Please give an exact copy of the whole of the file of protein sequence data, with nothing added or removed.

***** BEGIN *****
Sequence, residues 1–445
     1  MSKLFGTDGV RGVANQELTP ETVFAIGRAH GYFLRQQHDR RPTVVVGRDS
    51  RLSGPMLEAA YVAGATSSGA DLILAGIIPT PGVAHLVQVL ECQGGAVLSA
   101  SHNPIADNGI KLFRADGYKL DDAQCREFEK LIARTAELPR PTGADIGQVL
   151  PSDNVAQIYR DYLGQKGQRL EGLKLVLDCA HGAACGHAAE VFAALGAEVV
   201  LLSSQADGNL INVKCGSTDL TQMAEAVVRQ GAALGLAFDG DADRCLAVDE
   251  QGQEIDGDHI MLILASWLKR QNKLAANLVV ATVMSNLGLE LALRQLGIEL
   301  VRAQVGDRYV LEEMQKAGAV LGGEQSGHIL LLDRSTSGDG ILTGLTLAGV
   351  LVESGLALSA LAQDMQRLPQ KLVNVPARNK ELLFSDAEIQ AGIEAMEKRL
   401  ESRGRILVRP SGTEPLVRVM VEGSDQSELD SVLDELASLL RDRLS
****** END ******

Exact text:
Sequence, residues 1–445
     1  MSKLFGTDGV RGVANQELTP ETVFAIGRAH GYFLRQQHDR RPTVVVGRDS
    51  RLSGPMLEAA YVAGATSSGA DLILAGIIPT PGVAHLVQVL ECQGGAVLSA
   101  SHNPIADNGI KLFRADGYKL DDAQCREFEK LIARTAELPR PTGADIGQVL
   151  PSDNVAQIYR DYLGQKGQRL EGLKLVLDCA HGAACGHAAE VFAALGAEVV
   201  LLSSQADGNL INVKCGSTDL TQMAEAVVRQ GAALGLAFDG DADRCLAVDE
   251  QGQEIDGDHI MLILASWLKR QNKLAANLVV ATVMSNLGLE LALRQLGIEL
   301  VRAQVGDRYV LEEMQKAGAV LGGEQSGHIL LLDRSTSGDG ILTGLTLAGV
   351  LVESGLALSA LAQDMQRLPQ KLVNVPARNK ELLFSDAEIQ AGIEAMEKRL
   401  ESRGRILVRP SGTEPLVRVM VEGSDQSELD SVLDELASLL RDRLS